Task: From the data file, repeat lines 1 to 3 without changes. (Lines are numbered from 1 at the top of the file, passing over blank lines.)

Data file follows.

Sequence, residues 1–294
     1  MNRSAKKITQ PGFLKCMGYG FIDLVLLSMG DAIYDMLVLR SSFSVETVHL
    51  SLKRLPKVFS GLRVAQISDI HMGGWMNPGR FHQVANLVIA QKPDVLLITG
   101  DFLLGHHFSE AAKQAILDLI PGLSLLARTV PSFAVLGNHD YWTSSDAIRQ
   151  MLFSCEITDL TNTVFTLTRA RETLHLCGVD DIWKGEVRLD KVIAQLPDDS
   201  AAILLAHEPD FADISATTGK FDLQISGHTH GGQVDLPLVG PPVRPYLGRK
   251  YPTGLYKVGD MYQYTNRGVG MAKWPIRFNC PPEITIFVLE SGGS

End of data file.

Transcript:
Sequence, residues 1–294
     1  MNRSAKKITQ PGFLKCMGYG FIDLVLLSMG DAIYDMLVLR SSFSVETVHL
    51  SLKRLPKVFS GLRVAQISDI HMGGWMNPGR FHQVANLVIA QKPDVLLITG